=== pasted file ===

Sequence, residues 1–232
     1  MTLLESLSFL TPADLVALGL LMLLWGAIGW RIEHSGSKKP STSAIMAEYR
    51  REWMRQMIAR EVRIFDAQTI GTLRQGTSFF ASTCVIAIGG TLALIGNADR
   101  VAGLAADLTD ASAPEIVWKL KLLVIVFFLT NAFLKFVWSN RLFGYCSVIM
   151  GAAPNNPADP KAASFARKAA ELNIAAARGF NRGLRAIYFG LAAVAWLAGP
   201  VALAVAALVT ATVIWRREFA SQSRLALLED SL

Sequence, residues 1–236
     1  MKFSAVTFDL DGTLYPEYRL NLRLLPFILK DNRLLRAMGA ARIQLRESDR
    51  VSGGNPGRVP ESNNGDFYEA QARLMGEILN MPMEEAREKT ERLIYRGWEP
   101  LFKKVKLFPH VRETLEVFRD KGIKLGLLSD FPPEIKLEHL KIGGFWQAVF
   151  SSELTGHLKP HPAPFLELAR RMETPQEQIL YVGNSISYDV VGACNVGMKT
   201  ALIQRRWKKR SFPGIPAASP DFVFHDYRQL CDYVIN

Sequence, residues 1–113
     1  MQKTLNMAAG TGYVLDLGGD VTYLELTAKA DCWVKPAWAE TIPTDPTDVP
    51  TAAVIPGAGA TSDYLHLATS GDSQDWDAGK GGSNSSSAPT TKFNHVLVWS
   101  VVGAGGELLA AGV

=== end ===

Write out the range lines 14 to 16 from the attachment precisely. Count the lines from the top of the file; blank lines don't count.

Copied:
     1  MQKTLNMAAG TGYVLDLGGD VTYLELTAKA DCWVKPAWAE TIPTDPTDVP
    51  TAAVIPGAGA TSDYLHLATS GDSQDWDAGK GGSNSSSAPT TKFNHVLVWS
   101  VVGAGGELLA AGV